After some discussions I ended up taking the place of Volker as the person to present our material to the court, so Volker could continue to look after SambaXP.

The Appeal Hearing

The weeks leading up to the hearing in 2006 were quite intense, with lots of legal briefings. Carlo did most of the hard work, with my role mostly to provide technical input where it was needed. The week before the hearing I went over to Brussels to meet up with Carlo and others helping with the case. I worked a lot with Ronald Alepin, who was an expert witness presenting a broad industry view of the interoperability part of the case. We ended up making a joint presentation, with me concentrating on the technical side of the interoperability protocols, while Ronald gave a broader view.

One big bonus was Alan Cox from RedHat. He turned up in Luxembourg and was a big help in working out how things should be presented and explained to the court. Some of the information we were trying to get across was quite technical and it was a challenge to present it in such a way that all the judges could understand, while at the same time keeping everything completely accurate. I think we succeeded, but only with the help of people like Alan (and many other helpers!) who offered ideas on how to make the presentation less daunting to someone who may not have the right technical background.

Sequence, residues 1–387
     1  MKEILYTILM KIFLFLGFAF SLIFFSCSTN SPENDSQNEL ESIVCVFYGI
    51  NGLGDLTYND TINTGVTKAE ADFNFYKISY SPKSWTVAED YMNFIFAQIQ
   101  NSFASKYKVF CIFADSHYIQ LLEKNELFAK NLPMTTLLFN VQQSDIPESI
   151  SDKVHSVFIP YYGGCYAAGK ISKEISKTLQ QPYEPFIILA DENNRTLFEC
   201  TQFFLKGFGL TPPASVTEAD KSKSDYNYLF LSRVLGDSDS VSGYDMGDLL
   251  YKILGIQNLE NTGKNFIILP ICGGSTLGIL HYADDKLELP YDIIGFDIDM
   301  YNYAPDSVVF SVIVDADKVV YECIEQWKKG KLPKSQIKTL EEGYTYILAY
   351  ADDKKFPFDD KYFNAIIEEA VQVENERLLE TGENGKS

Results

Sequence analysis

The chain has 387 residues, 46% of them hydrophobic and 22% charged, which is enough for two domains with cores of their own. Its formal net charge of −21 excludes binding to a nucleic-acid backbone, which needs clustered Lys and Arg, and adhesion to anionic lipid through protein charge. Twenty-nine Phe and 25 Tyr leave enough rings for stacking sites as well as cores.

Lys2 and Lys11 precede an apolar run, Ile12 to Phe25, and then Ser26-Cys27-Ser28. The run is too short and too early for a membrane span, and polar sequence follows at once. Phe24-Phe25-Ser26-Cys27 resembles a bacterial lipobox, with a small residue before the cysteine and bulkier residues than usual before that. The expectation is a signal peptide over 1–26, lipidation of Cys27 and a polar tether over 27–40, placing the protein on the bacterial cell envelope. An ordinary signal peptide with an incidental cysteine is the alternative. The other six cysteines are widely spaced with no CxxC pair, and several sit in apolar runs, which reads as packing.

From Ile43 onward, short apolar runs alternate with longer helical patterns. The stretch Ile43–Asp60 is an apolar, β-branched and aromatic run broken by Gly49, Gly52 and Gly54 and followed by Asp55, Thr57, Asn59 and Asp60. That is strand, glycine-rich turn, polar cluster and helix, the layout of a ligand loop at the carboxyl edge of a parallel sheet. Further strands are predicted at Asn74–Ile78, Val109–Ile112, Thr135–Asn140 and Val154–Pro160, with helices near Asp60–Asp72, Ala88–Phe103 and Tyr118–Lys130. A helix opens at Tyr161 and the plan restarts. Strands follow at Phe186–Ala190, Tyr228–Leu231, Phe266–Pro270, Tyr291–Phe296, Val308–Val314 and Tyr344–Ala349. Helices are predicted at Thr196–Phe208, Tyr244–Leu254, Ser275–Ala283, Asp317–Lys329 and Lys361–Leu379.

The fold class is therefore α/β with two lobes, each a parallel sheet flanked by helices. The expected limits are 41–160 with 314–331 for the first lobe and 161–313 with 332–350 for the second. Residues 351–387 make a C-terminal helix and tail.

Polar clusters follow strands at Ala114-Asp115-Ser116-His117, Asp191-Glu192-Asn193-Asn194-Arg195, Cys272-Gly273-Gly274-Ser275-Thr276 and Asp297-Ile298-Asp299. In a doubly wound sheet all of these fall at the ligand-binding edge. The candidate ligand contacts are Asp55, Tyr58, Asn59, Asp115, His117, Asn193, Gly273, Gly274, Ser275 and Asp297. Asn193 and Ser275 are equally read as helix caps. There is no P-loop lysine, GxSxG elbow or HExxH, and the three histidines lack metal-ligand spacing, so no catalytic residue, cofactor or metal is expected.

A Long Wait

After the appeal hearing in April 2006 it took 15 months before the ruling was announced. We thought that the case had been presented well, and we had a lot of faith in the extremely thorough work the commission had done, but we didn't know for sure what the outcome would be.

We finally heard the result on 17th September 2007, and were relieved to hear that the commission had won a resounding victory. It was particularly nice that the judgement document was very clearly written, and showed that the victory had not just been because of some legal point of law, but had been because the court had properly understood the technical details of the case and the reasoning behind the commissions decision. This was important, as it made a further appeal less likely, and established the interoperability principles involved in the case in a very firm manner.

The Agreement

One of the results of the court decision was that Microsoft would finally be required to offer detailed protocol documentation to their competitors, including open source competitors like us. This was what the commission had been pushing for since 2004, but now there really was no further opportunity for delay or misunderstanding.

We first got an idea of how this might work in October 2007, when Microsoft posted a pair of license agreements on their WSPP website. The basic form of the agreements were that Microsoft would provide a choice to licensees. They could pay a single flat fee of 10,000 Euro, which would give access to the protocol documentation but without any patent licenses. Or a licensee could choose to pay the fee plus a per-copy royalty which would give access to the documentation, plus a patent license on a set of Microsoft patents which were possibly relevant to the workgroup server protocols.